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  • Aaron Murakami
    replied
    1. Were the caps going from the top of the plug to the engine ground? If so, then you are trying to simply add peaking caps to the plug. With 3 in series, probably too much capacitance and sucked up all the spark so there isn't anything to jump the gap.

    2. On the MSD with diodes, the diode needs to go from positive of primary of coil directly to the top of the plug bypassing the entire distributor and cable or the resistances will eat it up. Also, you have to verify the polarity of the HV of your ignition coil. That will determine which direction the diodes need to be facing.

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  • theplummer
    replied
    Originally posted by Aaron Murakami View Post
    You must use a cdi/msd before you can add the diodes - the diodes are simply directing the low voltage cap over the gap when it is ionized by the hv spark. There are msd/cdi units for v8's so they are not too fast. One diode per plug is to distribute the cap impulses through multiple diodes to extend their life - it isn't about timing. You can do all cylinders on a single diode, but the diode will get a serious workout. With the speed, the deal is that at low speeds, the ignition will trigger 6-7 times per cycle but at high RPM's it will gradually reduce until you only get one discharge per cycle. Or course this is with MSD (multiple spark discharge) - with a regular CDI, it will always be one single discharge per cycle.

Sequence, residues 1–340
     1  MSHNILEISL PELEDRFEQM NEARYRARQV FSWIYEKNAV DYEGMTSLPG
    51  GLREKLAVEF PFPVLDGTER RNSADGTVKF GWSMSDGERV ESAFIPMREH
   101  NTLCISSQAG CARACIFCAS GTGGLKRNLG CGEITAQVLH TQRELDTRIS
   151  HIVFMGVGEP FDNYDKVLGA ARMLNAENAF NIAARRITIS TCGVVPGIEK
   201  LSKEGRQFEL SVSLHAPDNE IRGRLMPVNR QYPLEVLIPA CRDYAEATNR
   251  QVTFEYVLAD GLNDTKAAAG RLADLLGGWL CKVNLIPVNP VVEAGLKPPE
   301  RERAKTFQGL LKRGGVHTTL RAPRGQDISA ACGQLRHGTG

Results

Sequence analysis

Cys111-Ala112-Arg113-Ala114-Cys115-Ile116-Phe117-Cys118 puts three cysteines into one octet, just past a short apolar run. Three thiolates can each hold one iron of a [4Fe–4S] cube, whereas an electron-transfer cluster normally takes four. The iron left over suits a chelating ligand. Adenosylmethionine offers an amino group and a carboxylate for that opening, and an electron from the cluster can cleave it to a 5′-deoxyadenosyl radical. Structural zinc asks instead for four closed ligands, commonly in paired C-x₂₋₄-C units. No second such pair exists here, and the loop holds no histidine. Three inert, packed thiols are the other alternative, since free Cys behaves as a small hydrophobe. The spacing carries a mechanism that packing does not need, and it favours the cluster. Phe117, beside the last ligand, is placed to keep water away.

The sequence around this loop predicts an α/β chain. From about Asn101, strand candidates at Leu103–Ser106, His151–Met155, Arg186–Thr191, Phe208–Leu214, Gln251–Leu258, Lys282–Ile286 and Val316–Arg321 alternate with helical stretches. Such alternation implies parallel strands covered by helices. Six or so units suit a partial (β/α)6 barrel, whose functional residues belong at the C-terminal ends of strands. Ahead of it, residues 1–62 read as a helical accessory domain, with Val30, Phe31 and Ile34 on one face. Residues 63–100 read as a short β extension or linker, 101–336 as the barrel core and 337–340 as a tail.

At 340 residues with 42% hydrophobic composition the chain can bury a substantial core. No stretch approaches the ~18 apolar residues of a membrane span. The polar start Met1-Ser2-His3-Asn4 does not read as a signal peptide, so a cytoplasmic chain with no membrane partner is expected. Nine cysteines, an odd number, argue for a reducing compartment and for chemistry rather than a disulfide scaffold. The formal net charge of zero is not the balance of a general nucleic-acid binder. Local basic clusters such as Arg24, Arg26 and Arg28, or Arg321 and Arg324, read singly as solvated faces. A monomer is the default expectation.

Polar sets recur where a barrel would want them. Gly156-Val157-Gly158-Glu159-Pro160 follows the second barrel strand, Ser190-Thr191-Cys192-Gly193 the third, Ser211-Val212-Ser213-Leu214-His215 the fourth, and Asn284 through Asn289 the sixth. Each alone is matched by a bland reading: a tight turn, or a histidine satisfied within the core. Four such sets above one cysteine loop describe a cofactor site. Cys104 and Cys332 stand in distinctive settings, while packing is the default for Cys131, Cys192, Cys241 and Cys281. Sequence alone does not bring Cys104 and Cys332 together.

I suppose we must not be in sync with the two different situations. Allow me to clarify, just so we are both on the same page.

    Yesterdays dyno test was on a small garden tractor motor, without any type of capacitive discharge ignition. It had a simple stock style magnet on flywheel, to pickup coil. On that particular motor, I tried to take three small capacitors in series and connect them to the spark plug. The engine would not fire. The capacitors acted like a kill switch by grounding the top of the plug to the engine. I was told by another former member of this forum, that it's possible that the caps were bad, and that I should check to see if there is any resistance from one end of the cap string to the other. There was no resistance, by meter, I just got the OL on the meter. So that should have worked, but it didn't.

    Now, today's dyno test was on a small block Chevy, using a MSD 6AL, with a super blaster 2 coil. On this setup, I placed the recommended diode from the positive side of the input on the coil, to the coil to distributor wire. There was a timing light connected to spark plug #1. When I had the diode connected to to the coil as seen in multiple videos and from your information, I got no spark to plug #1, and the engine would not fire.

    I then checked for continuity and voltage between the input side of the coil, to ground, with ignition on and have no voltage or continuity. But the engine would start and run without the diode in place. I checked for continuity across the diode to see if it was bad and got no continuity in either direction when connecting a test light and a 12 volt battery.

    I then decided that maybe the engine needed to already be running before making the diode connection to the coil. So I placed the wire on the distributor side, but left the input side loose, I had ahold of the wire with a pair of rubber handled pliers, and when the engine fired, I got a shock from the coil, through the insulation and the rubber handles on the pliers. The shock was not devestating, I could hold it, but I was afraid of trying to make the connection to the coil and opted to have the engine shut off instead.

    What am I doing wrong with both of those scenerios?